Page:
By Vern Neufeld Redekop
What's at stake? -- Introducing protest crowds -- feelings: the gasoline of violence -- Introducing police -- The violence of 'otherness': scapegoating and hegemonic buildings -- Introducing objectives, bystanders, and media -- Reciprocal violence -- Mutual blessing -- in the direction of a mutual recognize paradigm of protester -- police dynamics -- Protest crowds and police within the context of democracy -- 'Getting the discussion started': crowd administration and clash solution -- a case examine -- listening to from the gamers -- functional feedback for community-based tasks
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Additional resources for Beyond Control: A Mutual Respect Approach to Protest Crowd-Police Relations
Some scholars suggest that one of the conditions needed for people to engage in protest is that there is reason to believe that they will be effective INTRODUCING PROTEST CROWDS 19 in changing a given situation (Rucht, 1999; Sopow, 2003). 4 First, the very act of protest gives voice to an inner sense that things are not right. It allows for the speaking of protesters’ perception of the truth—their beliefs and knowledge shaped by their values. This gives the protester a sense of agency; it is one way to start taking action to change what is problematic.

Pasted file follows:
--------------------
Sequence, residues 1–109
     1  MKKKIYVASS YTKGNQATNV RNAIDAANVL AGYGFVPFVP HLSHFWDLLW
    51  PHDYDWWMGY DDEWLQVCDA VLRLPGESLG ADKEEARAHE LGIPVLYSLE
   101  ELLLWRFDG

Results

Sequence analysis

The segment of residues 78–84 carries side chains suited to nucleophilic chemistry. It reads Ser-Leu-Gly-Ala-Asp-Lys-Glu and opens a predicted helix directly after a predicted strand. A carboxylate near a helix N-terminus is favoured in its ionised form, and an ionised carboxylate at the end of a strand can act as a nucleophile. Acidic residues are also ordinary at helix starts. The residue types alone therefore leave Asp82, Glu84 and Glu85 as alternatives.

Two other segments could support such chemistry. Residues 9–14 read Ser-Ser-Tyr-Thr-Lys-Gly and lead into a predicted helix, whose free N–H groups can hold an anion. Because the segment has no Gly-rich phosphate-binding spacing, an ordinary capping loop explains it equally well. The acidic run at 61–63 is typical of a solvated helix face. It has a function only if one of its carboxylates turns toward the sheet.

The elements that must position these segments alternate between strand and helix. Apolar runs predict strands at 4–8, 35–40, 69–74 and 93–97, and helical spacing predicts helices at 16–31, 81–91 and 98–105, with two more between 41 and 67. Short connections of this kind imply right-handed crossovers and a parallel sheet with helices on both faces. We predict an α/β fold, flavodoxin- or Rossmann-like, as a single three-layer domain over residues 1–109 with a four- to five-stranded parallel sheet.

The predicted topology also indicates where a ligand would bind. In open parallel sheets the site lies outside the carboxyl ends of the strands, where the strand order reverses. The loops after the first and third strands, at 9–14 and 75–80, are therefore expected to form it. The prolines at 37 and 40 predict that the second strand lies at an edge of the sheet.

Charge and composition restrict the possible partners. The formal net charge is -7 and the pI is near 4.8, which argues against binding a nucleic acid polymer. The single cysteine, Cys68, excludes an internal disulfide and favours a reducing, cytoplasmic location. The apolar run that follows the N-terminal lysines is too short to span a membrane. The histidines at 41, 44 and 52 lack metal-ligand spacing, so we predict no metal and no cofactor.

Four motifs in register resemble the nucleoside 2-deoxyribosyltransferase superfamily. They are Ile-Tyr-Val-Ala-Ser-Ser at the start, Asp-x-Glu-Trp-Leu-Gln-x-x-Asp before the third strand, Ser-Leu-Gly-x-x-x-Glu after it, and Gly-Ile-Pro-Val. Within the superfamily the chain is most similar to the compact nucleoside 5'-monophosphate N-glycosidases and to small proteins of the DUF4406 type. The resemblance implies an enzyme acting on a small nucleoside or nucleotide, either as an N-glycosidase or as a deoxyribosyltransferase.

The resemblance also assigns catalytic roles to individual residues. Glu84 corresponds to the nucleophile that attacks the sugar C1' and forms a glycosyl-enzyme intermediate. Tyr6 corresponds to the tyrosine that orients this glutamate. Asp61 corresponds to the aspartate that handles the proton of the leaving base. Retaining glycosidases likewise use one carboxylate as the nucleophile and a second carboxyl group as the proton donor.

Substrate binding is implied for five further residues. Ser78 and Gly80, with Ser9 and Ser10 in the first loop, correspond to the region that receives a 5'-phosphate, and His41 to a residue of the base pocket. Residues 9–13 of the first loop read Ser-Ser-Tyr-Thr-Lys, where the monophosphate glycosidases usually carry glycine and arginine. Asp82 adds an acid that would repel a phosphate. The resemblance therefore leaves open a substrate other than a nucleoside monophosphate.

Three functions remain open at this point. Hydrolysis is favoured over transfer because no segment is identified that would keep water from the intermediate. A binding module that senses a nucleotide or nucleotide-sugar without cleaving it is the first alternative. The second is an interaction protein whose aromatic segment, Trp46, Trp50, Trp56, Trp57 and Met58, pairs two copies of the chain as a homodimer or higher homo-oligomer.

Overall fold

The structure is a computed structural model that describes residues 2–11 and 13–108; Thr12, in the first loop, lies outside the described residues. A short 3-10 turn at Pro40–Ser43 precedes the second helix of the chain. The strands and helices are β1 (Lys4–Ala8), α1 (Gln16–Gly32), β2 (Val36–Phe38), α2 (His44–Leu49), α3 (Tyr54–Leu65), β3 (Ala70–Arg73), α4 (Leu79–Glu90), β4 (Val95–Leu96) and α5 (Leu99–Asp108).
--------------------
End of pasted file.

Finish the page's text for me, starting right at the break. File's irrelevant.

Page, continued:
28 BEYOND CONTROL Types of Crowds Analytical Spectra Orderly Peaceful Planned Cohesive Chaotic Non Violent Direct Action Violent Spontaneous Fractured These spectra help to analyze a particular crowd at a particular time. The same crowd might be at different ends of the spectrum regarding the different polarities. For example, it may be orderly, yet violent, gathered for protest in a well-planned manner and very cohesive. Another crowd could be the opposite—chaotic, yet peaceful; spontaneous, yet cohesive.
What drives many of these protesters is a passion to care for the earth and all its people and living species. Among the protesters may be a range of types of moral consciousness in that both their awareness of what is happening and the interconnections may be structured differently. Interestingly, when we look back in history from the perspective of types of moral consciousness it becomes clear that Jasper’s third type of moral consciousness was already evident in 1787 when a group of 12 men assembled in London to organize a protest movement against slavery and the slave trade.